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  Comments (2) Total Wednesday Apr. 23, 2014
 
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Life in the Ourdoors of MontanaLife in the Ourdoors of Montana
Survey: Beetle Kill in Decline, But New Concerns Emerging
Signs of western spruce budworm and pine butterfly in parts of Northwest Montana
Pine beetle infestation appears to be abating in sections of the state, but new concerns have emerged in forests across Northwest Montana, according to studies by the U.S. Forest Service and the Montana Department of Natural Resources and Conservation.

Aerial surveys of forestlands conducted last year showed signs of western spruce budworm and pine butterfly in parts of Northwest Montana and the southern Bitterroot Valley, according to the 2011 Montana Forest Insect and Disease Conditions report released this week.

The 2011 survey identified almost 1.2 million total acres defoliated by the western spruce budworm, compared to about 326,000 acres affected in 2010 and 2.6 million acres affected in 2009. Flathead, Lincoln and Sanders counties had the highest number of acres affected. Western spruce budworm attacks Douglas-fir, spruce, and true fir trees. The insect rarely kills trees but defoliation severely stresses the tree.

“Healthy, mature trees usually rebound once the outbreak subsides, as long as they have adequate moisture available to them and nutrients stored in their root systems,” Amy Gannon, DNRC entomologist, said in a statement.

Gannon also noted Douglas-fir tussock moth and pine butterfly are increasingly active in the western part of the state. Douglas-fir tussock moth overlaps with western spruce budworm on Douglas-fir, spruce and true firs and is most active in the northwest part of the state. Pine butterfly defoliates mature ponderosa pine and is at outbreak levels in the Bitterroot Valley.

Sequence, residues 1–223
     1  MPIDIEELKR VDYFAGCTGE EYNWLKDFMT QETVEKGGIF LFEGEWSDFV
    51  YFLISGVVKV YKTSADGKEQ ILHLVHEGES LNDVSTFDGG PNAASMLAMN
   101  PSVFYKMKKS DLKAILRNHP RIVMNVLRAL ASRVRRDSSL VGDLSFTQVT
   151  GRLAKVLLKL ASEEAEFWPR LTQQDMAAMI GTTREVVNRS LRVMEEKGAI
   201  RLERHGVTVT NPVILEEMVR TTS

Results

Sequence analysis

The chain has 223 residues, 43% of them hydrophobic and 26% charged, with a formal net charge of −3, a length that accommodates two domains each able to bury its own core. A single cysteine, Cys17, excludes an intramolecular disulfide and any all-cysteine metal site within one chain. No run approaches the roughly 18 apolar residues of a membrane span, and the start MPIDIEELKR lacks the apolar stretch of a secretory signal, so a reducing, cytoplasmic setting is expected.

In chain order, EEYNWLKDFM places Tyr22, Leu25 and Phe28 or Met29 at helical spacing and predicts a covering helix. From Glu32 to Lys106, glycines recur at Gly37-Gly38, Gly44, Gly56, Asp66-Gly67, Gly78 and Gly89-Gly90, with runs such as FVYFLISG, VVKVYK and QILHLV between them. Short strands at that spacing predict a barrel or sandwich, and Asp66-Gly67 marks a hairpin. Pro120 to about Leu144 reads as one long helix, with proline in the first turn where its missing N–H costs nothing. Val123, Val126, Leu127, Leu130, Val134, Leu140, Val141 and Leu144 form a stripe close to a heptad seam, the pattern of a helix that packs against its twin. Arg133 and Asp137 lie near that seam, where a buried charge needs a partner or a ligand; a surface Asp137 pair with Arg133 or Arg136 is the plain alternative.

The aerial surveys showed beetle-kill appears to be in decline in many of Montana’s forests.

“Conditions are improving. We are seeing a continued decline in mountain pine beetle activity in many areas across the state, indicating the epidemic may have reached its peak,” Gregg DeNitto, Forest Service pathologist and leader of the agency’s Forest Health Protection office in Missoula, said.

The 2011 survey recorded beetle-caused mortality on over 1 million acres, compared to 2 million in 2010, and 3.6 million in 2009.

The report presents county-by-county information gathered from aerial detection flights and ground surveys covering roughly 20.5 million forested acres across Montana, and includes lands of all ownerships, according to a news release from the DNRC.

The report can be read here.
 
On 03-30-12, Agguy commented....
It’s all about fear. How about starting to manage our timber before it gets to this stage. Controlled burning and logging is what keeps our forests healthy. This also creates more habitat for wildlife. Folks need to take a tour of the wild fire areas and…
 
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